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Poker Pro, Phil Ivey Accused of Cheating at Poker

Phil Ivey, the multi-millionaire Poker champ, is considered by most to be the Tiger Woods of Poker. However numerous gambling sites see him as nothing more than a common cheat. Ivey is involved in a court case with Crockfords, a London casino. He is suing the gaming site for withholding a £7.3 million payout from two years ago. The casino also accuses him of card reading. It also appears that Ivey is facing similar legal issues with an American-based casino.

Playing cards - Phil Ivey accused of cheating at poker

 

Borgata Hotel Casino & Spa in Atlantic City wants Ivey to return £5.9 million of the winnings They claim that he won the money by cheating.

Both casinos accuse the 38-year-old of ‘edge sorting’ a technique which they view as cheating, however, Ivey disagrees with the accusation. His lawyer was recently quoted in the Daily Mail refusing that his client is a cheat, saying that “each and every penny was the result of sheer skill”.

But what is edge sorting? It is when players guess the face value of a card by studying and then spotting slight flaws on the back and edges of the cards. This is a form of ‘advantage gambling’ that helps players gain a great advantage against the casino. Thia is because they are able to tell between cards and adjust their betting accordingly. Most gamblers who consider themselves ‘advantage players’, something that – according to the Daily Mail – Ivey admits to doing, argue that this is a real and legal skill. The casinos, however,  see it differently.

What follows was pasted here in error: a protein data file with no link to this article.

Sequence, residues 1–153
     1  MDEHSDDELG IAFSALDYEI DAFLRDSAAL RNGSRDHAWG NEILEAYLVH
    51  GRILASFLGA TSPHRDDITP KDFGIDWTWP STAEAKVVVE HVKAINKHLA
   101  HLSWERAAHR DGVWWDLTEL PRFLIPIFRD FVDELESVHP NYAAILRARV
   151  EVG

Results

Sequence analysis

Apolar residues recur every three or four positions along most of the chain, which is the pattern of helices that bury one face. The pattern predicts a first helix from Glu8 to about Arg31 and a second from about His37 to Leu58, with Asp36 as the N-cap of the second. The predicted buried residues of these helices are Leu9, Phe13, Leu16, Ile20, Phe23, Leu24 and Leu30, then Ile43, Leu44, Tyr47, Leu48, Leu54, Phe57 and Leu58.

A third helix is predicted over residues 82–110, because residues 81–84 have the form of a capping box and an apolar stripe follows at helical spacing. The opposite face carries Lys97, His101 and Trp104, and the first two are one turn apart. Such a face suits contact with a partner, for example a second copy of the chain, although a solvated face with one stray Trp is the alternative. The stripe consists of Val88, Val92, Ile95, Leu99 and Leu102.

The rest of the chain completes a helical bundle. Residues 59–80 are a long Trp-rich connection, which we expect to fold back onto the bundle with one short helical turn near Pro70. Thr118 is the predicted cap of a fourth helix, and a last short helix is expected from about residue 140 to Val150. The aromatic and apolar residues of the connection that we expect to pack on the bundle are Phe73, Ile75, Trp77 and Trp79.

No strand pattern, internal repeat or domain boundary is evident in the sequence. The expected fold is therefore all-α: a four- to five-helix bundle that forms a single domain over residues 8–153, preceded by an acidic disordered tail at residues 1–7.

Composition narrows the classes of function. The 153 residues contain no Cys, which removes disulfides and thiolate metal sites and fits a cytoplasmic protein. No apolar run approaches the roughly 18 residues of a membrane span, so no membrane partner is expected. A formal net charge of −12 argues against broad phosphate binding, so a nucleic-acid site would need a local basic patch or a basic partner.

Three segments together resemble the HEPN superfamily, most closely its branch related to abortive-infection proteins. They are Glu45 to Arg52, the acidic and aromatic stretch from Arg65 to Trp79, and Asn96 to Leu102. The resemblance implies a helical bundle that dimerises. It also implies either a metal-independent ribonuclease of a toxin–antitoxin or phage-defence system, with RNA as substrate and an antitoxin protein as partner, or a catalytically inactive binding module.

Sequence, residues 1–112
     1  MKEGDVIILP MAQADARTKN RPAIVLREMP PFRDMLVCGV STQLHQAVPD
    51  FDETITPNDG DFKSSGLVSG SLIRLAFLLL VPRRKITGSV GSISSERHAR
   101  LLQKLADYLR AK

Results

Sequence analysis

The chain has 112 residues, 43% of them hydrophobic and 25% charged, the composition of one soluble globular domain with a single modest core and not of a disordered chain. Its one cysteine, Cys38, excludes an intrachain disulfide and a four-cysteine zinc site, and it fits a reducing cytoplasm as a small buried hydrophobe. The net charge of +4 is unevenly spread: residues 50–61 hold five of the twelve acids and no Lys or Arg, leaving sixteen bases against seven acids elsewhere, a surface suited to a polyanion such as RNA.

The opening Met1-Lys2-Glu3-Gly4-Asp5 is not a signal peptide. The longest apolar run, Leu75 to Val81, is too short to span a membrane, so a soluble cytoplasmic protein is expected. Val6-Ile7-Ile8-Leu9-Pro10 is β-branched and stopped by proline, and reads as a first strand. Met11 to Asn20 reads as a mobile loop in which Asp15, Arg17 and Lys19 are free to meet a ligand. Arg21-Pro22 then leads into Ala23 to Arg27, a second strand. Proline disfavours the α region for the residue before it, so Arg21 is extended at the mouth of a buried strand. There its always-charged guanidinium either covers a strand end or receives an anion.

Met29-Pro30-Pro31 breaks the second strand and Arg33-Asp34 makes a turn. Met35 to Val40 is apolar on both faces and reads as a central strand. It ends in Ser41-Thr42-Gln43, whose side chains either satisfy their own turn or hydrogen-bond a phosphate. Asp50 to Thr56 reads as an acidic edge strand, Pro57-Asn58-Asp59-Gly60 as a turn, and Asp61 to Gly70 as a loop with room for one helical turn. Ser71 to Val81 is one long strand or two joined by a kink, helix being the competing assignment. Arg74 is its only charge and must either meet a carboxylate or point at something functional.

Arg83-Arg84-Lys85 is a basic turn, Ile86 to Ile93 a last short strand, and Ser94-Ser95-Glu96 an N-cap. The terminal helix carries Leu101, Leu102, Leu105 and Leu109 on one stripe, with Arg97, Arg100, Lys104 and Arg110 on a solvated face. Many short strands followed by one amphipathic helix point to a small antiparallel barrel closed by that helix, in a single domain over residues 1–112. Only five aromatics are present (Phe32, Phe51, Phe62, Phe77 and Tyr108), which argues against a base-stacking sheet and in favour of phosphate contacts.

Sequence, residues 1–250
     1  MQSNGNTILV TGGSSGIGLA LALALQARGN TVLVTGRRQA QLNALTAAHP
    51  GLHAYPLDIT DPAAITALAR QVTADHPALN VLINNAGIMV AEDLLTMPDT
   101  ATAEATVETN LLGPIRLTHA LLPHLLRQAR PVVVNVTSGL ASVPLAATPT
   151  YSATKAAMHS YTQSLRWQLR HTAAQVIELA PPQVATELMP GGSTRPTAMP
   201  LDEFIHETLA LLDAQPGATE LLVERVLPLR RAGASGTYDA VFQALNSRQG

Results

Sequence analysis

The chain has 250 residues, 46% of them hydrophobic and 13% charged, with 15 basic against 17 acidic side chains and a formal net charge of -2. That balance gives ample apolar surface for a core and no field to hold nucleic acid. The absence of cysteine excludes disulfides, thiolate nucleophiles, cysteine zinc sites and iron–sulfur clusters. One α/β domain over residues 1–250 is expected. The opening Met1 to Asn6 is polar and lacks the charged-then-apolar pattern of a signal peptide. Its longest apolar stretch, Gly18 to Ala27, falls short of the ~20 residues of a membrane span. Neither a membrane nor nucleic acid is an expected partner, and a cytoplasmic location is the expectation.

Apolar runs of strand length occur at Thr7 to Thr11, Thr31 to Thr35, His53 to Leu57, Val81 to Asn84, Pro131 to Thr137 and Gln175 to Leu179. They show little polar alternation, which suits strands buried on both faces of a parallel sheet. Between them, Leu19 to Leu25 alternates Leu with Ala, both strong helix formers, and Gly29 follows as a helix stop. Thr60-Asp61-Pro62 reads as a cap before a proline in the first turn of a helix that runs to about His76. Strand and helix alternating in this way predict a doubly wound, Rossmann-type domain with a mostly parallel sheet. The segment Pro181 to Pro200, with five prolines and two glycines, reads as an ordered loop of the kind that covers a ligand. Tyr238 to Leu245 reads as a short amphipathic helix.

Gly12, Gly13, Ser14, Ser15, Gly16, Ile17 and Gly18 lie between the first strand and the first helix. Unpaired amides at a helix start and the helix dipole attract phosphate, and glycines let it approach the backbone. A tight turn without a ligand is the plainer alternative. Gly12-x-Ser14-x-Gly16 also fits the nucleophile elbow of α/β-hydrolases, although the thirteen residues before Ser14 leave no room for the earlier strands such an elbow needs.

Phil Ivey More on His Case

The September 2014 court battle between Ivey and Crockfords is the biggest in casino history and could well set a precedent for future disputes of this kind. The Daily Mail reports that the Mayfair-based Crockfords alleges Ivey “acted to defeat the essential premise of the game [and] operated a scam.” Ivey goes on to say that the casino is aware of how edge sorting works and the impetus is on them to ensure players are unable to play that kind of game. The same newspaper went on to say that he claims casinos often agree to advantage players’ requests to ensure that they continue to play at their establishments – a claim, that if true, suggests both Crockfords and Borgata are not the victims of a scam as they suggest.

The outcome of Ivey’s legal wrangles is of great interest to all in the gambling industry and should cause all sites to check their cards when a skilled player like Ivey is in the house.